Published: 30/06/2014 16:41 - Updated: 30/06/2014 16:59

Collision Warning System would have been 'final safety barrier'

A COMBINATION of factors contributed to a mid-air collision which resulted in the deaths of three Tornado aircrew from RAF Lossiemouth, an investigation report has concluded.

Samuel Bailey, Hywel Poole and Adam Sanders. RAF photo
Samuel Bailey, Hywel Poole and Adam Sanders. RAF photo

Had the two aircraft from the Moray base been fitted with a Collision Warning System (CWS) that would have been a "final safety barrier" which could have alerted both aircraft to their close proximity.

Flight Lieutenant Hywel Poole (28), Squadron Leader Samuel Bailey (36) and Flight Lieutenant Adam Sanders (27) were all killed following the collision in July 2012 over the Moray Firth. A fourth crew member was seriously injured but survived the incident. He was left with no memory of the collision.

The CWS was recommended to the UK Government but its implementation has been delayed for a number of years.

The report by the Military Aviation Authority (MAA) published today says: "It is regrettable that the fitment of the CWS on the Tornado has taken such a difficult and prolonged path and perhaps reflects the lack of priority placed on safety enhancements prior to the Haddon-Cave Review."

That review followed the mid-air explosion of an RAF Kinloss Nimrod over Afghanistan in September 2006 which resulted in the deaths of 14 service personnel. The formal report into that tragedy revealed a number of safety failings in the maintenace of the Nimrod, which was subsequently withdrawn from service after the UK Government decide to axe the Nimrod replacement programme.

The report into the Tornado crash concluded that "this tragic accident was caused when four highly competent and professional aircrew ended up unaware of their proximity to each others’ aircraft in a busy, fast moving situation compounded by poor weather".

The report states that there was much opportunity for the mid-air collision to be prevented through "deconfliction, supervision and lookout, but for a variety of reasons this did not happen".

It added that a potentially significant safeguard of CWS did not exist.

Since 2001 there have been nine mid-air collisions involving UK military aircraft which has resulted in 17 deaths, including three Air Cadets.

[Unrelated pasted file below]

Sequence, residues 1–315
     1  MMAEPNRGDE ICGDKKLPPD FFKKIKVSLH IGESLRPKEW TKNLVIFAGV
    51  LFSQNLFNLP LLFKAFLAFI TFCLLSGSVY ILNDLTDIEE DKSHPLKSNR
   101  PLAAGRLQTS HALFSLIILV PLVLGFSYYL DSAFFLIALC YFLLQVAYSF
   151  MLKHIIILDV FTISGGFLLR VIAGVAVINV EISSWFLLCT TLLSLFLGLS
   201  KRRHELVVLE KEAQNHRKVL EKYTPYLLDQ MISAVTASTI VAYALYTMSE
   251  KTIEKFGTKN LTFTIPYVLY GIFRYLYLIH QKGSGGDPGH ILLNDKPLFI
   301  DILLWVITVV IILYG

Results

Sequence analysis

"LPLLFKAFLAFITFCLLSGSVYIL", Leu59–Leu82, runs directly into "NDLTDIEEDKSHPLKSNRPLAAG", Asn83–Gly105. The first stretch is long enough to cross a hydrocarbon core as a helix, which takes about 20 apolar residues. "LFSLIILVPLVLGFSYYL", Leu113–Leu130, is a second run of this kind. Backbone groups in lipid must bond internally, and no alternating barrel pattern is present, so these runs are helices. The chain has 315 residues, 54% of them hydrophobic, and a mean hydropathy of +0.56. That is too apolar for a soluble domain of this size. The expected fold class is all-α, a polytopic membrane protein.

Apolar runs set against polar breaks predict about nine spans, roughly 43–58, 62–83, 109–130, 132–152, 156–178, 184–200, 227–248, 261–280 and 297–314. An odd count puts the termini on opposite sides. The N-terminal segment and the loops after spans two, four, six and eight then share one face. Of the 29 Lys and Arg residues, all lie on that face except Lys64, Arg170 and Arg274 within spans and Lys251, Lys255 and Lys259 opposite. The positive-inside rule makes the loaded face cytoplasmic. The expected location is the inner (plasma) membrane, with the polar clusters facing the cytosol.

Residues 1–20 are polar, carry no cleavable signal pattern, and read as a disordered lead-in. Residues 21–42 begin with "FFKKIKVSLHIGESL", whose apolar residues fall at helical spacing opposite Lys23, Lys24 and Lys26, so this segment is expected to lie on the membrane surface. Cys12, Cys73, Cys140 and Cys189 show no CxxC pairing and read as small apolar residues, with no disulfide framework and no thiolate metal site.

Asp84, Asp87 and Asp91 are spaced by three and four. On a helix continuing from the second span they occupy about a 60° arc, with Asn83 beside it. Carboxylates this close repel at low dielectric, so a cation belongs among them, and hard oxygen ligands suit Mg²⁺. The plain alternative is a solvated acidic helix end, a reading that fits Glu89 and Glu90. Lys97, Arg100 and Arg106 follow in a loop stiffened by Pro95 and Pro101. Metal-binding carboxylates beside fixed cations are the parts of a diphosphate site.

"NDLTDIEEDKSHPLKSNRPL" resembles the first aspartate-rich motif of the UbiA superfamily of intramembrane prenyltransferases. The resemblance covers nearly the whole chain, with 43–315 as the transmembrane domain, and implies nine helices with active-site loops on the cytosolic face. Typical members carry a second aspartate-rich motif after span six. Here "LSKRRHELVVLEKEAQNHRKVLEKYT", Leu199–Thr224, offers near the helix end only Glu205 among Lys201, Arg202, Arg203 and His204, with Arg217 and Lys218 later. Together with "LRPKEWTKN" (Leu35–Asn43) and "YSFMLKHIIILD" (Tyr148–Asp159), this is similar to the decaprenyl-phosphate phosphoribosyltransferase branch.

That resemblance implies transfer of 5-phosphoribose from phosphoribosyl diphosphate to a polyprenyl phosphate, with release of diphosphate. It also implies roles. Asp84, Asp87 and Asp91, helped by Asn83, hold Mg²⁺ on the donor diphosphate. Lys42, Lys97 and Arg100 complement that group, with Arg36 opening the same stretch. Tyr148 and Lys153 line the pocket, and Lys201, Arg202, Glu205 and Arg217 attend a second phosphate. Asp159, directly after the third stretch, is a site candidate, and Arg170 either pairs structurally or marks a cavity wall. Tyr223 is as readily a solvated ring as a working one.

It was the 1998 Strategic Defence Review which first initiated a Collision Warning System for the Tornado. However, over the next 14 years the programme was subject to five deferrals, a reprogramming prioritisation, deleted in 2010 and reinstated in 2012 by the then Secretary of State for Defence, however, it has yet to be implemented.

The report adds: "It is assessed that financially driven decisions made by the MoD as far back as 2005 and sometimes based on an inaccuracy or highly abbreviated impact statements, including a lack of safety consideration, resulted in no CWS being fitted at the time of the accident."

It says that decisions will need to be made whether a CWS is fitted to the Typhoon aircraft, which is now based at RAF Lossiemouth, and the F-35B.

"Not fitting a CWS to these aircraft is an unsustainable position," the report adds.

"Flying in the military environment inevitably presents risks that can materialise at any time.

"Tragically, for a number of reasons, including a degree of bad luck, the risk of Tornado mid-air collision was realised on July 3, 2012 with three families losing their loved ones and the RAF losing three of its talented aircrew colleagues."

Moray MP Angus Robertson commented: "This report is extremely distressing for the families involved and damning for the MoD.

"It finds the collision warning system would have prevented this tragic accident – a system which has been tested and recommended for the Tornado for over 20 years. It catalogues unacceptable delays, poor decision making and communication. There is now an overwhelming public interest case for a Fatal Accident Inquiry."

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